city, houses

An Italian Home with Artistic Flair

Modern art and design meet vintage-feel styling in an eclectic house full of personality.
Helenio Barbetta/Living Inside

Photographs by Lakin Ogunbanwo take pride of place in the study-cum-guest room of this art-filled home on the Arno riverbank in Florence, Italy. From the Flair Edition sofas upholstered in More is More textural tartan bouclé by Dedar to the 1970s Belgian resin coffee table and Turkish carpet from the 1960s, the interiors are both tactile and visually interesting, which is due in large part to Italian architect Massimo Adario who helped design the abode.

 

Located on the Arno riverbank in Florence, Italy, a stone’s throw from Flair furniture gallery, is a home that is testament to the immaculate tastes of those who live there. Owned by Flair founders Alessandra Tabacchi and Franco Mariotti, the house’s interiors are similar to the gallery itself – elegant, sophisticated and full of art and design in a mix that combines the prominent names of the past century with anonymous but characterful pieces. The property wasn’t always this impressive. ‘When we found it, it was an office in a lousy state, but we could already see its potential,’ says Alessandra, who recognised the building’s charm and unique historic details such as the fact that its facade dates back to the 1800s. So the couple called on the services of Italian architect Massimo Adario to help them transform the house. ‘I trained as an architect, but gradually my interest has shifted to interiors,’ he says. ‘They allow me to build a story based on the place and context in which I am working.’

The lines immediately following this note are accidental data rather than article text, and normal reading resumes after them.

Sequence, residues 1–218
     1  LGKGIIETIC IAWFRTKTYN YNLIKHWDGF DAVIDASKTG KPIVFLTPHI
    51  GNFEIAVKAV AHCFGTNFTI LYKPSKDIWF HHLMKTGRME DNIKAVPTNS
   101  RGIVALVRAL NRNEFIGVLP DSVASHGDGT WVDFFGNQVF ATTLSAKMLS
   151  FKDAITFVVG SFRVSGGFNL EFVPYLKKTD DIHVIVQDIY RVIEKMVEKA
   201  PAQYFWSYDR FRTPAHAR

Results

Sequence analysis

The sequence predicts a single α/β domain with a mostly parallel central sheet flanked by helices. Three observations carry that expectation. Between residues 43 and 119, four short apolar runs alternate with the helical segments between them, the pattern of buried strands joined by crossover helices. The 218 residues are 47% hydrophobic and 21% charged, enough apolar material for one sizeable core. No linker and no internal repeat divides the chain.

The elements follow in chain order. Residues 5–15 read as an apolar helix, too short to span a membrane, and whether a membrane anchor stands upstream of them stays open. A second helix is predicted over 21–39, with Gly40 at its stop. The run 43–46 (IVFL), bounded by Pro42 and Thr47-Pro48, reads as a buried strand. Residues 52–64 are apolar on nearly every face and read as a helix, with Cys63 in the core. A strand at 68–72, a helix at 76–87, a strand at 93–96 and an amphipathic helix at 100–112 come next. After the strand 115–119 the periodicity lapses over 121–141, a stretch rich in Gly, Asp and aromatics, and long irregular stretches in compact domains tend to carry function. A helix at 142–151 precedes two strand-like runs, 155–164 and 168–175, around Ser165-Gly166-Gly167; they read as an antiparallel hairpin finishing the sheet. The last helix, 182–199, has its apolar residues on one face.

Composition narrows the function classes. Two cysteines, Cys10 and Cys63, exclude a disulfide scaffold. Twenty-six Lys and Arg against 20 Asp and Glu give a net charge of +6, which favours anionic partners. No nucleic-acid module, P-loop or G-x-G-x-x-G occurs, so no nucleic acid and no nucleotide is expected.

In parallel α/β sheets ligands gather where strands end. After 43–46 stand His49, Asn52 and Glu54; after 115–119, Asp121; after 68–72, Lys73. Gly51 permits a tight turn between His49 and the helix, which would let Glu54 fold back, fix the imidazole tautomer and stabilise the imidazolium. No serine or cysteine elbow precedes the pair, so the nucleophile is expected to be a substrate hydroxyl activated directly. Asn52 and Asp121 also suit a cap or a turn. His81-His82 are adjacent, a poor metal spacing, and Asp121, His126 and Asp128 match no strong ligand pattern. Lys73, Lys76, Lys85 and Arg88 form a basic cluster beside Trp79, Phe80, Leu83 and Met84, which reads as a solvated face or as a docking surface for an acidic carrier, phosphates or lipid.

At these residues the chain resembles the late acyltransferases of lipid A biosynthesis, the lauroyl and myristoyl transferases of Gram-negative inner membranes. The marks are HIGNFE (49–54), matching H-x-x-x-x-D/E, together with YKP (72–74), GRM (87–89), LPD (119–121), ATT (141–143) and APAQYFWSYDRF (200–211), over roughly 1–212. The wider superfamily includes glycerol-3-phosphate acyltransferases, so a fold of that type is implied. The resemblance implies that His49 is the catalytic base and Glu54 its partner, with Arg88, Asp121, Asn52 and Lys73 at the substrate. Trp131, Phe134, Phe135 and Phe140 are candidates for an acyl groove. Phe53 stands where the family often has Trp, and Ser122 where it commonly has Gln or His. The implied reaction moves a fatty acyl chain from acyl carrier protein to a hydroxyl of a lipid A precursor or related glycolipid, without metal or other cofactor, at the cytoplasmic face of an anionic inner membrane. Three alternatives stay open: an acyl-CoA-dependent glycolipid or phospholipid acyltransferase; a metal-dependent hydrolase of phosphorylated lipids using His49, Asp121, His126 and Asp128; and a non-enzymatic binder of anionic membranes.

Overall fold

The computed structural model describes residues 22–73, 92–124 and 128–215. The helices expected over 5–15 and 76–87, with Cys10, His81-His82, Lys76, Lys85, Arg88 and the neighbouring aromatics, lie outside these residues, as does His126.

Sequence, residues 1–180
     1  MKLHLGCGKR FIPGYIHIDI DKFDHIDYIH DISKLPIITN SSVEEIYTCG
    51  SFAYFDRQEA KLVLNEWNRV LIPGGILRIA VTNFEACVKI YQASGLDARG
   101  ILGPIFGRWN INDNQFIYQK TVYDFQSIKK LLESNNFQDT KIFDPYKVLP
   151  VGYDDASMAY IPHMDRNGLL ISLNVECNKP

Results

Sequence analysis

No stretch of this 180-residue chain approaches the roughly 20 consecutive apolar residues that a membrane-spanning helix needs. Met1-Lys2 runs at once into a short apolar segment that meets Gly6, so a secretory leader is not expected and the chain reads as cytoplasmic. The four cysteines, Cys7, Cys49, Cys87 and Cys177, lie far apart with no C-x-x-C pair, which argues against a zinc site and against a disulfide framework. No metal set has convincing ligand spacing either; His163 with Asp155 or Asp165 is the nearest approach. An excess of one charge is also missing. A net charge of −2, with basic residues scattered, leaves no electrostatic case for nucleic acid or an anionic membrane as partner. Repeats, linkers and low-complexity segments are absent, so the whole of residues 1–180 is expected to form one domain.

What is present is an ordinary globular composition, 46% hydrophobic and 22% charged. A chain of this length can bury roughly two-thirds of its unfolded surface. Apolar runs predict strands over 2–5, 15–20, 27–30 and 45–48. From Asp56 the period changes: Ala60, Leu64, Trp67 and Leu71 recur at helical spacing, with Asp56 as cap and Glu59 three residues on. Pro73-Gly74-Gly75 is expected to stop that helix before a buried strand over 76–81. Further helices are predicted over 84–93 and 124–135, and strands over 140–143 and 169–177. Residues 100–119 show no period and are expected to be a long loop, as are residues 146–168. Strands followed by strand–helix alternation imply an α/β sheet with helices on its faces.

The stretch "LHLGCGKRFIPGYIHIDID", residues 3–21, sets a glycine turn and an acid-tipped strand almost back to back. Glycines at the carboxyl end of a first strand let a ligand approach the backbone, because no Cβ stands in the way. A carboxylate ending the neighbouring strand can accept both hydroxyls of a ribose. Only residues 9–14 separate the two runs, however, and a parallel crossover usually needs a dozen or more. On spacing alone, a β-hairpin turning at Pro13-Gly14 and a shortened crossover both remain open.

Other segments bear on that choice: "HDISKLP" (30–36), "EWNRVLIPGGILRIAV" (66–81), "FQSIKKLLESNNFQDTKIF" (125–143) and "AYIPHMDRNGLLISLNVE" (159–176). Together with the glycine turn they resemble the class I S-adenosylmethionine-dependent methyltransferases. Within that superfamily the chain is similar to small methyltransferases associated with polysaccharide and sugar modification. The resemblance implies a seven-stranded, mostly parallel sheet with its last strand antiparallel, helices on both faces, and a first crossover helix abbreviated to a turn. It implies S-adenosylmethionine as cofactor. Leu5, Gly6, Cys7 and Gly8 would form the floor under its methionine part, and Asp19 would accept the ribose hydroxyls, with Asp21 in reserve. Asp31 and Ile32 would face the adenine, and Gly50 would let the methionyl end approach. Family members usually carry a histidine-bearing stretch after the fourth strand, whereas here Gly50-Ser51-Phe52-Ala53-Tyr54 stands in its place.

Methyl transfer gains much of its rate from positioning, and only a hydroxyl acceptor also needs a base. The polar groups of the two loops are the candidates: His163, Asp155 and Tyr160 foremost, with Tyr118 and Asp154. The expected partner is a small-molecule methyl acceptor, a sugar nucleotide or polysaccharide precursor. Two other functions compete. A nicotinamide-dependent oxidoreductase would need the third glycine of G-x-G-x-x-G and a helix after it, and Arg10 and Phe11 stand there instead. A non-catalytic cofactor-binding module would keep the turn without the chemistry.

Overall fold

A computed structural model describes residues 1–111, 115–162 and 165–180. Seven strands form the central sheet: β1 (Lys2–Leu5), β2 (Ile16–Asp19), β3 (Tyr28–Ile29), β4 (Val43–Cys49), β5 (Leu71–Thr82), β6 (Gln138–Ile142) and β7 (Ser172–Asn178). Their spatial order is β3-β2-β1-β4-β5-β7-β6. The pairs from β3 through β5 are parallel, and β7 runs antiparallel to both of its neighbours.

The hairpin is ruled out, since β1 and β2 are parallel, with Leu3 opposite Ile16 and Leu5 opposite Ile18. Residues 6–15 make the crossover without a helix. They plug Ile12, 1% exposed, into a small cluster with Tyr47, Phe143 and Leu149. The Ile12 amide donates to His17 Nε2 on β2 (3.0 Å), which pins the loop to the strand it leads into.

Homeowners Alessandra Tabacchi and Franco Mariotti stand in front of a brass wall in their dining area, which Alessandra had envisioned before even buying the house. As the founders of Flair furniture gallery, their home is a natural extension of their profession and reflects the couple’s impeccable tastes.

 

As an art lover with a passion for objects, Adario’s interiors are simultaneously adorned and minimalist, reflecting his belief that unnecessary details should be eliminated to make room for spatial harmony and a natural rhythm. And it was exactly this that was the guiding principle when designing the abode. The entrance hall forms a backbone to the space around which the rest of the rooms are laid out, united by a grey colour palette that encourages the flow Adario values so much. This was especially crucial as there is a definite distinction between the ‘day’ and ‘night’ areas of the house, with each possessing a distinguishable atmosphere and function. In the ‘day’ areas you’ll find the dining and conversation zones as well as a small kitchen and study-cum-guest room. To enter the ‘night’ areas, you cross a threshold that marks the shift from day to night, transitioning from wooden floors that have been stained black to fitted carpets in a passage lined with brown-hued tapestry.

Italian homeEchoing the black-stained oak floors in the dining room is a Sandy dining table by Atelier Stefan Leo with a smoked Plexiglas top.